Chorea, Pruritus and Polycythemia: Looking for Clues
Vânia Rodrigues1, Carolina Lopes2, Adilson Marcolino2, Madalena Pinto2
1Internal Medicine Department, Centro Hospitalar de Leiria, Leiria, Portugal
2Neurology Department, Centro Hospitalar de São João, Porto, Portugal
Doi: 10.12890/2019_001039 - European Journal of Case Reports in Internal Medicine - © EFIM 2019
Received: 31/12/2018
Accepted: 09/01/2019
Published: 06/02/2019

How to cite this article: P Rodrigues V, Lopes C, Marcolino A, Pinto M. Chorea, pruritus and polycithemia: looking for clues. EJCRIM 2019;6 doi:10.12890/2019_001039.

Conflicts of Interests: The authors declare there are no competing interests.
This article is licensed under a Commons Attribution Non-Commercial 4.0 License


Chorea is a movement disorder usually due to vascular, hereditary, metabolic or drug- induced causes, and has rarely been reported in association with polycythemia vera (PV). Polycythemic chorea is an uncommon clinical entity that occurs more often in elderly women. PV is a treatable cause of chorea and must be considered during the diagnostic approach. We report the case of a 75-year-old woman with involuntary movements of the mouth and face with subsequent involvement of the trunk and limbs who was admitted for investigation of the chorea. The patient had the haematological attributes of PV and a positive mutation in the janus kinase 2 (JAK2) gene, and was therefore treated with hydroxyurea which led to a marked reduction in the chorea and improvement in haematological parameters. Various aetiologies of chorea must be considered in the elderly. The present case illustrates the importance of considering PV in the differential diagnosis, since its treatment leads to chorea resolution, thus avoiding serious complications.



Chorea, polycythemia vera, elderly


We report the case of a 75-year-old woman with history of reactive depression, hypertension and myelodysplastic syndrome under investigation at the haematology outpatient clinic. The patient was admitted in the emergency department with a 3-month history of generalized pruritus and involuntary movements of the mouth and face with subsequent involvement of the trunk and limbs. She also referred a weight loss of 16 kg over the previous 6 months but denied memory loss, changes in behaviour or other symptoms. The involuntary movements had been present at the last haematology appointment but had not been investigated. The patient had no prior history of stroke, peripheral vascular disease or autoimmune disease and was not being treated with neuroleptics or other chorea-inducing drugs. Her family history was remarkable for an undefined psychiatric disease that affected her father and brother.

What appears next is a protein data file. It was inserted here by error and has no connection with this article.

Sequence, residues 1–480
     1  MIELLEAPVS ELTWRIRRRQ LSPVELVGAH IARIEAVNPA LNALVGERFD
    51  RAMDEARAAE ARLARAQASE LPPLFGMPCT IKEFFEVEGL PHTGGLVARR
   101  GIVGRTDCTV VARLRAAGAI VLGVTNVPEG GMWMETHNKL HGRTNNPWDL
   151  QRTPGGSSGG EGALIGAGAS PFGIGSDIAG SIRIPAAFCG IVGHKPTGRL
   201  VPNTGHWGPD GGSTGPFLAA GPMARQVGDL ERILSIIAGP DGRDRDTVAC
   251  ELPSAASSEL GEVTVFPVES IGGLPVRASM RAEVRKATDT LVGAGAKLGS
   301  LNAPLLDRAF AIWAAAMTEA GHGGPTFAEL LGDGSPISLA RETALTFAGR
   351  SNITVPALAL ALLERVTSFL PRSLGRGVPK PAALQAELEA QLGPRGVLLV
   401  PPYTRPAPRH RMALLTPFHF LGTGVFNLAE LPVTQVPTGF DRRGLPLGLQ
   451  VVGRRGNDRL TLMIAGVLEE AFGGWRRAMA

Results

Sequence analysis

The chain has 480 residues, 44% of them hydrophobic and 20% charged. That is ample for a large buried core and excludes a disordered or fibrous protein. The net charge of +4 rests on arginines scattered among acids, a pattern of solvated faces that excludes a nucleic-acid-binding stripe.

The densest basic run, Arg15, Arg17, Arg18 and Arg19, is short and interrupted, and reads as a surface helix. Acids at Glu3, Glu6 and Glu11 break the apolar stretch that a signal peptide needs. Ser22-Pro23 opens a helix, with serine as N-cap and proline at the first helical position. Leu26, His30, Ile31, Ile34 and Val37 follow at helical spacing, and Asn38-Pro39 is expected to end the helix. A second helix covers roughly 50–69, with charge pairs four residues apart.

On physical examination, the patient was normotensive and presented erythrosis of the hands and grating injuries in the trunk. Neurological examination revealed choreic movements affecting the mouth, face and four limbs (particularly exuberant in the right lower limb), mild rigidity of the limbs and deep tendon reflexes of normal intensity and symmetrical. The remainder of the neurological examination was unremarkable. The patient was admitted to the neurology ward for further investigation and risperidone was started, with slight improvement of chorea.


Laboratory studies revealed white blood cells 9,500/µl, haemoglobin 17.4 g/dl, platelets 600×103/µl, glucose 81 mg/dl, calcium level of 4.7 mEq/l and low serum erythropoietin level of <0.1 mU/ml. Hepatic function, thyroid, vitamin B12, folic acid, an autoimmune study and serology and viral markers were all normal. A brain CT and MRI showed microangiopathic leucoencephalopathy. A thoracic, abdominal and pelvic CT scan was normal.